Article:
Brief Fact Summary. The U.S. (P) claim was based on the fact that funds deposited in a U.S. bank by a Russian corporation that had been nationalized by the Soviet government was due to it.
Synopsis of Rule of Law. The states cannot interfere in the complete powers which the national government has in the conduct of international affairs.
What another country has done in the way of taking over property of its nationals, and especially of its corporations, is not a matter for judicial consideration here.View Full Point of Law
Issue. Does the national government have complete power in the conduct of international affairs?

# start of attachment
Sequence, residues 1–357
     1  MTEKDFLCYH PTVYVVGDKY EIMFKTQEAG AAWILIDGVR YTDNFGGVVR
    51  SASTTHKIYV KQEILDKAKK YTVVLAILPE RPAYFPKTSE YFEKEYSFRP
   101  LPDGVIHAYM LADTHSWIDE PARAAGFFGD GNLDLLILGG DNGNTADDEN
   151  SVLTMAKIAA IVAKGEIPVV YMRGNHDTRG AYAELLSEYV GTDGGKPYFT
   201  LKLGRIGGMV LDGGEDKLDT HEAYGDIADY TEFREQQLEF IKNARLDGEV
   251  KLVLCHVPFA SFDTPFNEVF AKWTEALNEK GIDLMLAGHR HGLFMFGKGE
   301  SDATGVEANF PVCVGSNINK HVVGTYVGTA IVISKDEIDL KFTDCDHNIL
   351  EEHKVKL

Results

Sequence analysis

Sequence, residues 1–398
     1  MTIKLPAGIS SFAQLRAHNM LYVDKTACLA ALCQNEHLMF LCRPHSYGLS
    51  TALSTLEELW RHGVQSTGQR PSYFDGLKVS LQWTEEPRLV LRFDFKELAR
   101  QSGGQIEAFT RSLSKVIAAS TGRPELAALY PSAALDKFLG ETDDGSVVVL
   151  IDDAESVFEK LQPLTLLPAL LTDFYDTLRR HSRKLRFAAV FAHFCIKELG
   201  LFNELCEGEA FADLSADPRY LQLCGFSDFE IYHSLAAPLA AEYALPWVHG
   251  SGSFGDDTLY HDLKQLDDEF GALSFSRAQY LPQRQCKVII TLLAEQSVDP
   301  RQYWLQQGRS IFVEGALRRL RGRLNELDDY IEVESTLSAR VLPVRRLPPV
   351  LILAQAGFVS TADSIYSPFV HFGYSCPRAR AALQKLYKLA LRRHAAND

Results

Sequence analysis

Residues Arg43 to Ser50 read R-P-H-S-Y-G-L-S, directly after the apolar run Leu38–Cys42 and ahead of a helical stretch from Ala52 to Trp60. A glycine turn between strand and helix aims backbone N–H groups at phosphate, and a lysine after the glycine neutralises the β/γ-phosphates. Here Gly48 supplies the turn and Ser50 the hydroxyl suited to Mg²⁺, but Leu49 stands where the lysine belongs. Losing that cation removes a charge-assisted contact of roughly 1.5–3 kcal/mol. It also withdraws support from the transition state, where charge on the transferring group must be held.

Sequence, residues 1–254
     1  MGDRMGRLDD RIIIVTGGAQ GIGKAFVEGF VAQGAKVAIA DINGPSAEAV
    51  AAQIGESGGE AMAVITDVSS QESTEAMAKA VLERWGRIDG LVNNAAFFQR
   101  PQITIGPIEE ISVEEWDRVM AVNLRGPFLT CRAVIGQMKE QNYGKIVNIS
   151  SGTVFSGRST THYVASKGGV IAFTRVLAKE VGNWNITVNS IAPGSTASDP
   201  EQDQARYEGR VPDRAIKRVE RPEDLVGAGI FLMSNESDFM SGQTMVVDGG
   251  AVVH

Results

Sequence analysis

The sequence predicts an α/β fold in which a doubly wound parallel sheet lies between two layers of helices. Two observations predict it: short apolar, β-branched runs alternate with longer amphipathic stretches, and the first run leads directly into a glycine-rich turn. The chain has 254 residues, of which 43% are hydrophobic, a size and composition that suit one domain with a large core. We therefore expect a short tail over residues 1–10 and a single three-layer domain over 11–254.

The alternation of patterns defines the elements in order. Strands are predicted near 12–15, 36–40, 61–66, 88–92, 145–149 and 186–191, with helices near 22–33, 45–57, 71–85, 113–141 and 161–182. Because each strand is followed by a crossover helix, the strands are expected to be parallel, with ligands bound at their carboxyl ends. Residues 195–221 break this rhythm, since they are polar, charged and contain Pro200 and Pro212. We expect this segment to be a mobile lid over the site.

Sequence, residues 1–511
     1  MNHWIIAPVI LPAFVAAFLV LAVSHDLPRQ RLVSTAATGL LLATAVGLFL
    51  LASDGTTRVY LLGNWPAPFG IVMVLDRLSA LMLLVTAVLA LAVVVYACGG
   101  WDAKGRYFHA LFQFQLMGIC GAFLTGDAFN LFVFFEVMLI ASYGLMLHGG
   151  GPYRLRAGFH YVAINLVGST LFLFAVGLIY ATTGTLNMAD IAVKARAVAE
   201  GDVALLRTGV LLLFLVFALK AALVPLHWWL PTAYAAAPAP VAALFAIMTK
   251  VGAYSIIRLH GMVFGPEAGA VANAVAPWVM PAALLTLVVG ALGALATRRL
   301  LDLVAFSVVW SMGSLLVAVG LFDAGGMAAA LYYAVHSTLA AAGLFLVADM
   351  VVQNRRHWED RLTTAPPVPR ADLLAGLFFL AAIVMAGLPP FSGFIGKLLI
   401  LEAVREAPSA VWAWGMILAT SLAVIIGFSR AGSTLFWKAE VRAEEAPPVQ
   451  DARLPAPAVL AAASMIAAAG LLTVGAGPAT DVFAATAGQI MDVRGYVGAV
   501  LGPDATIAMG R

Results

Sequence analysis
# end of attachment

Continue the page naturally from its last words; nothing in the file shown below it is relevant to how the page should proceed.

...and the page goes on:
Held. (Sutherland, J.). Yes. The states cannot interfere in the complete powers which the national government has in the conduct of international affairs. The U.S. (P) recognized the Soviet government coincidentally with the assignment of all claims. The President does not need the consent of the Senate to conduct foreign relations. In respect of foreign relations generally, state lines disappear. Reversed and remanded.
Discussion. The recognition of the Soviet Union and the release of all claims were interdependent and this was noted by the Court. Thus it was purely in the realm of foreign policy to make this agreement. States cannot therefore interfere in the conduct of foreign relations.